Uldis Lapins, the seemingly shifty pastor of the Latvian church in the Canadian capital of Ottawa, may be trying to bilk the members of his congregation out of their life savings. But then, halfway through Ilze Berzins’ latest thriller, Ghosts & Shadows, he is reported to have died, apparently a victim of his peanut allergy.
The novel is one of Berzins’ better efforts. Rich characters combine with an eventually captivating plot for a story that should be of interest to anyone looking for a Latvian krimiķis in the English language. However, readers familiar with Berzins’ earlier stories will find that Ghosts & Shadows owes some of its success to the characters and efforts at plot development in those works.
It is courageous of Berzins to tackle this story, set as it is in Ottawa’s Latvian community. Writing about the place you know best, and for Berzins that is Ottawa, can lead to compelling prose, but also can raise the hackles of the locals. No doubt some readers will try to draw parallels with people they might know in real life.
Ghosts & Shadows, released in November, is the seventh mystery novel and the eighth book overall by Berzins. A second-generation Latvian-Canadian, Berzins also is an artist.
Berzins takes a long time to build up the drama in Ghosts & Shadows, a characteristic of her previous novel, Kolka (2004). It takes 47 pages—seven admittedly short chapters—for Berzins just to paint her protagonist.
Ghosts & Shadows is told from the first-person viewpoint of Anastasia Karsubova, Stasia or Stacy for short, the daughter of a Russian father and a Latvian mother. She’s a 40-something loner who hangs out with Ottawa’s older Latvian generation. Her one-time lover, a Latvian-American journalist named Andris Ripa, supposedly was killed years ago while covering a story in Rīga. Her dog, Bear the Rottweiler, has gone missing. Geez, this almost makes Stasia sound like the subject of a bad Latvian country song.
But there is more to Stasia than that. Like in Kolka, Berzins delves into the psyche of her protagonist. Stasia floats in and out of the past, fantasizing about returning to the Rīga she remembers from her time there from 1994-1998 (at this point readers familiar with Berzins’ work may be tempted to pull out their copy of her autobiographical Happy Girl): “When I was there ten years ago, Riga was a brawling bully of a town, an endless unstoppable crime spree, a chaotic feast of cheap booze, fattening food and eye-popping urban decay. I loved every moment of it. But now I hear all that’s gone and I wonder if I’d ever want to go back.”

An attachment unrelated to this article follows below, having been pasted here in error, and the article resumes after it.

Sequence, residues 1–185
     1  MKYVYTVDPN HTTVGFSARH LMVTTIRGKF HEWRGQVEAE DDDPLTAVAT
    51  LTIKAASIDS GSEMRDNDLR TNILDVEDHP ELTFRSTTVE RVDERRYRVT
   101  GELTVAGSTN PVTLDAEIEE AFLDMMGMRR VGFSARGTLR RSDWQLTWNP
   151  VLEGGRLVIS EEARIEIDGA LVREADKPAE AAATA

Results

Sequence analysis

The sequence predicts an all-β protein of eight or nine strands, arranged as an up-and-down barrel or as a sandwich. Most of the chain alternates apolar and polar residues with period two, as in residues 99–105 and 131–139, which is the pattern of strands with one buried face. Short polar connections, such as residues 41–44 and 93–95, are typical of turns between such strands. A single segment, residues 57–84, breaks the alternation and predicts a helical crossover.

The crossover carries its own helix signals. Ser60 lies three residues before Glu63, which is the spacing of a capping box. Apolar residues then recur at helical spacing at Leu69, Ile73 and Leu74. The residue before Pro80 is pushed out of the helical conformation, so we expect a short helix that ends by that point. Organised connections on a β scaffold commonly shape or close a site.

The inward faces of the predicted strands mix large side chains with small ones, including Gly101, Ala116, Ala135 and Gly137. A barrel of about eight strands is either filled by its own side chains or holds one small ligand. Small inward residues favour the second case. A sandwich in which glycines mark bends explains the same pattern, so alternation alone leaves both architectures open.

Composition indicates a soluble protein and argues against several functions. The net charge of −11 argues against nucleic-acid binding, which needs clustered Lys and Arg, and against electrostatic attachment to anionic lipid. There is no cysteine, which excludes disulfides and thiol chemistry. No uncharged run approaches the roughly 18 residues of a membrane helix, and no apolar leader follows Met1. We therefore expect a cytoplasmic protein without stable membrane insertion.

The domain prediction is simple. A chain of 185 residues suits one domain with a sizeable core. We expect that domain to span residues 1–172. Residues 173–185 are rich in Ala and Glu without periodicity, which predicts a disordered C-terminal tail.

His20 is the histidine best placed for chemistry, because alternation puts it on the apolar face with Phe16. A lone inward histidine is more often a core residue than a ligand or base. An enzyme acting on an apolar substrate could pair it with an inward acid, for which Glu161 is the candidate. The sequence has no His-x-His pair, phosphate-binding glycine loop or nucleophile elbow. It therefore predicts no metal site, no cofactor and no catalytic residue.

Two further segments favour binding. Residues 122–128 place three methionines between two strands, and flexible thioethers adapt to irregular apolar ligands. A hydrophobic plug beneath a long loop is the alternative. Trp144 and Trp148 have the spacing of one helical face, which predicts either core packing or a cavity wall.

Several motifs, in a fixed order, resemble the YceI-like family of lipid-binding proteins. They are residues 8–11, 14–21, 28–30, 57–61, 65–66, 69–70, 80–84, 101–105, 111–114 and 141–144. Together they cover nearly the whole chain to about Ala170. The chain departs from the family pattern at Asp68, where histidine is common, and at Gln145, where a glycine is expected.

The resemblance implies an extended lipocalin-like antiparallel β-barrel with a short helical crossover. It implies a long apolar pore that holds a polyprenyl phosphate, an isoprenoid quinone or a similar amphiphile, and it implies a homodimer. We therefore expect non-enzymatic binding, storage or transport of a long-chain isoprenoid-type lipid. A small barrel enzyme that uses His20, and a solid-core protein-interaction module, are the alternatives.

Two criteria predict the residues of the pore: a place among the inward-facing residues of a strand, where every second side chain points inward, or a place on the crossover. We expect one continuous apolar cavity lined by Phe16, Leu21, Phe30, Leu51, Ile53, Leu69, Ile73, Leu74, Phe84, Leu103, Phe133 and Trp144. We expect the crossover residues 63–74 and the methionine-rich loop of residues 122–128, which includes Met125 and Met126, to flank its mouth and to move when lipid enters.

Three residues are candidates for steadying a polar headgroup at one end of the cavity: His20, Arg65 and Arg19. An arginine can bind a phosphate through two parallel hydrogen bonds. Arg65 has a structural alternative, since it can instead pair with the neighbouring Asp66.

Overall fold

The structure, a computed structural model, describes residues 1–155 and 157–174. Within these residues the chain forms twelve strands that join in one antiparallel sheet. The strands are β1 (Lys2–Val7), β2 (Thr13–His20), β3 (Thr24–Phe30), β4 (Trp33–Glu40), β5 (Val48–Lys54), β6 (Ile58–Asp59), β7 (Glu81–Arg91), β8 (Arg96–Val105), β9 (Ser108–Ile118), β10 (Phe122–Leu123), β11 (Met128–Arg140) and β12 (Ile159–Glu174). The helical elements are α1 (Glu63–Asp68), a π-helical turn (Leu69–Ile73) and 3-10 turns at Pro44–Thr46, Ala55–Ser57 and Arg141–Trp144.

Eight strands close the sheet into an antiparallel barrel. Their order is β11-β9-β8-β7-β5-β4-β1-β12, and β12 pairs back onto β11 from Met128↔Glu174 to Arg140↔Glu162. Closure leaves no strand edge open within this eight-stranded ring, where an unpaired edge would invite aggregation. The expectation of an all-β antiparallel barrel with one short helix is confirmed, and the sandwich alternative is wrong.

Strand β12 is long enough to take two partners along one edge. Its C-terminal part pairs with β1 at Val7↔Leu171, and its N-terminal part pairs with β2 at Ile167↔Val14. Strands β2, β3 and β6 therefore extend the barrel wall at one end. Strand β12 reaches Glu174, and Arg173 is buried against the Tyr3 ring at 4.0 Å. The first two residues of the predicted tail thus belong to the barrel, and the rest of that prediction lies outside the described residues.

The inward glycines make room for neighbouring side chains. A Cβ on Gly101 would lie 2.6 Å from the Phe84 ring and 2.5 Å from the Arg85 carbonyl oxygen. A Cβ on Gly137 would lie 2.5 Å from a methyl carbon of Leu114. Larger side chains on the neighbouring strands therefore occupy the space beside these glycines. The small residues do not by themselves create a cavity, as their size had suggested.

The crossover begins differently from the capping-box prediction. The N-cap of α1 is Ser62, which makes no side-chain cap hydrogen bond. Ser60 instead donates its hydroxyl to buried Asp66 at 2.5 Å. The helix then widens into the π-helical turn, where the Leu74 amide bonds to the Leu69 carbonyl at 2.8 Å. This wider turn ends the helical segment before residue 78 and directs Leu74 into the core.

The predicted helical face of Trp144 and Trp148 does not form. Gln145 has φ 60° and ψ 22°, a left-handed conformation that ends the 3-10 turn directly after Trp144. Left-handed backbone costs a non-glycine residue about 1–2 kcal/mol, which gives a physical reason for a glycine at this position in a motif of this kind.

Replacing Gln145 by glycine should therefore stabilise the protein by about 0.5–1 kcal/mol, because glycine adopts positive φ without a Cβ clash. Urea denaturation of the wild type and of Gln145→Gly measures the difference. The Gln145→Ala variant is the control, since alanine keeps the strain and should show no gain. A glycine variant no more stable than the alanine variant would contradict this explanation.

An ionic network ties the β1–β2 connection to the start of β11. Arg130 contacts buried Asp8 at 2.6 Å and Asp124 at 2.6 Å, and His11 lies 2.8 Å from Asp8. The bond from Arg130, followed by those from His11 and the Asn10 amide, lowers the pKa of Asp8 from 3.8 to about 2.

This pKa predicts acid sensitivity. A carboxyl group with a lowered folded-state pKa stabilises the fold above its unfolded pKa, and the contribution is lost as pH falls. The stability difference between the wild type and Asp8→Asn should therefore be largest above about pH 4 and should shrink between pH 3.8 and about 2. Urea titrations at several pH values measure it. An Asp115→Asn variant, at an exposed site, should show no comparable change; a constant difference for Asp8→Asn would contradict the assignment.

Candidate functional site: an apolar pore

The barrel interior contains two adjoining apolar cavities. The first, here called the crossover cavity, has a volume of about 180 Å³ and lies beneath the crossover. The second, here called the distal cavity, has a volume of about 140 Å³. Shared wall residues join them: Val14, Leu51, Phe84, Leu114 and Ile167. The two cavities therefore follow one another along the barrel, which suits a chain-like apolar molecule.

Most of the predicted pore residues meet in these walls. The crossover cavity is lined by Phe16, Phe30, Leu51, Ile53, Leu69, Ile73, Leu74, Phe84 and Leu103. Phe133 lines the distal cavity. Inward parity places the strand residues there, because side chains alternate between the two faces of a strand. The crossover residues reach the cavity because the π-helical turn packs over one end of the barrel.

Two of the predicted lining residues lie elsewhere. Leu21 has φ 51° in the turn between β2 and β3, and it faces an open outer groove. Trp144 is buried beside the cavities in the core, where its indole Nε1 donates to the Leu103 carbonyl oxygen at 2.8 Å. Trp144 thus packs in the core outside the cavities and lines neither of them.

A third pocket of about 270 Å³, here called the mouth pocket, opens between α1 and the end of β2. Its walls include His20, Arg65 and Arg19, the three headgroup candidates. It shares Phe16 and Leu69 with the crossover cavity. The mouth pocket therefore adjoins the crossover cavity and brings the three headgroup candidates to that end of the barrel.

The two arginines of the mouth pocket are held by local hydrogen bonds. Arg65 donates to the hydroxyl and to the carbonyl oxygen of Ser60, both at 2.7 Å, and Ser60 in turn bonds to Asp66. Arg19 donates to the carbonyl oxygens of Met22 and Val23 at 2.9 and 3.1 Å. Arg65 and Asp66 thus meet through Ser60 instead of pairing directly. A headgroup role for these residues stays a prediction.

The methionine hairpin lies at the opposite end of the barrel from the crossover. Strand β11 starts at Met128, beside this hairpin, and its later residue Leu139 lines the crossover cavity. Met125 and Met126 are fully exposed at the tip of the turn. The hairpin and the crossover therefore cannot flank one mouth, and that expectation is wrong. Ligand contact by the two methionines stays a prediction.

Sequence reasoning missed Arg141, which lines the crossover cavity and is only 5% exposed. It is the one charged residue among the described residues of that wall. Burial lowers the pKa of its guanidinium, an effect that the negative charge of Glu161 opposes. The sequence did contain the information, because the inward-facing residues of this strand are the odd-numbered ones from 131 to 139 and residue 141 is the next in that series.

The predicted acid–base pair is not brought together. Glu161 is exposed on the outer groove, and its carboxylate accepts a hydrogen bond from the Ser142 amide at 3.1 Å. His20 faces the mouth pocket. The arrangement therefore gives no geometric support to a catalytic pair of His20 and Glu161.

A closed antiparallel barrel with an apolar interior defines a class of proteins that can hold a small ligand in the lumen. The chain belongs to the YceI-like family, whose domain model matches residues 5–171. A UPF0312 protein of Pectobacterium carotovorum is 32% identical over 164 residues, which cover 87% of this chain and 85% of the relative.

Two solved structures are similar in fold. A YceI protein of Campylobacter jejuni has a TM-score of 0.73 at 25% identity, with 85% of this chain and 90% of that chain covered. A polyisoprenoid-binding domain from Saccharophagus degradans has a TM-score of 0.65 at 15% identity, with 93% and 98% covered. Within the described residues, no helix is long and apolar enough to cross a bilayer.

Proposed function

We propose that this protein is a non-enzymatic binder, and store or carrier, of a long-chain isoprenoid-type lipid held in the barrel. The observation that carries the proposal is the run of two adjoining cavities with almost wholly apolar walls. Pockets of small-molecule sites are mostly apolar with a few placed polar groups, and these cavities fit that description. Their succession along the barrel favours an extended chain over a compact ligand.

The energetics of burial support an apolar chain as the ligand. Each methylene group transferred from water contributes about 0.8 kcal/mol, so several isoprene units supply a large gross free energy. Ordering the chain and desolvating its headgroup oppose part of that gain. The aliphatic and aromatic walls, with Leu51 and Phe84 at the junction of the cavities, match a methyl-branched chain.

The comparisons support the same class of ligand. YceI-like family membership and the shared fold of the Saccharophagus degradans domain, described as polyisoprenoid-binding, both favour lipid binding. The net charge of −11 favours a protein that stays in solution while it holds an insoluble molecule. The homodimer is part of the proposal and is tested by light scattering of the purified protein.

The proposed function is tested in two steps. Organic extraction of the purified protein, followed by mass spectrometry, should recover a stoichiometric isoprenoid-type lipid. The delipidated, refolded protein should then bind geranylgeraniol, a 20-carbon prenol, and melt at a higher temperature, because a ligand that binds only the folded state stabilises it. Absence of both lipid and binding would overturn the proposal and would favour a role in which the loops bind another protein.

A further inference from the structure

However, Stasia may remind some of Birdie Finch, the protagonist in Kolka. Like Stasia, Birdie lived alone in Ottawa. Like Stasia, Birdie’s closest relationship was with a person much older than she. Like Stasia, Birdie spent a lot of time caught up in memories and dreams, although Birdie’s were darker than those of Stasia’s.
Also figuring strongly in Ghosts & Shadows is Alex Stromanis, who is tormented in his old age by memories of the night the Wilhelm Gustloff, a German cruise ship, was torpedoed in January 1945 by a Soviet submarine. He lost his wife and baby. The ship, extremely overloaded with refugees fleeing the advancing Soviet forces, had sailed from Gdynia, a port near Gdansk, Poland. Estimates of the number of dead range from 7,000 to more than 9,000 men, women and children, making it—as several sources note—the worst maritime disaster on record.
In a suitcase in his home, Stromanis keeps a satchel he rescued from that horrific night. In the satchel are thousands of Imperial Russian gold coins.
And then there’s Tamara Nemerova, a voluptuous Russian from Rīga who has come to Ottawa ostensibly to lure local Latvians to spend their money on a tour of the homeland. She knows Stasia from when she lived in Latvia, and before Stasia knows it, Tamara has managed to move into the spare room in her house.
A variety of other characters populate the novel, many of whom are carefully colored by Berzins. The reader might be frustrated that it takes so long for something to happen, but the last 100 of the 244-page Ghosts & Shadows have plenty of twists to make up for the slow start. The result is an entertaining tale of corruption and swindle set in Canada and Latvia.
More information about Berzins and her books is available from her Web site, ilzeberzins.com.
Ghosts & Shadows
Ottawa: Albert Street Press, 2005
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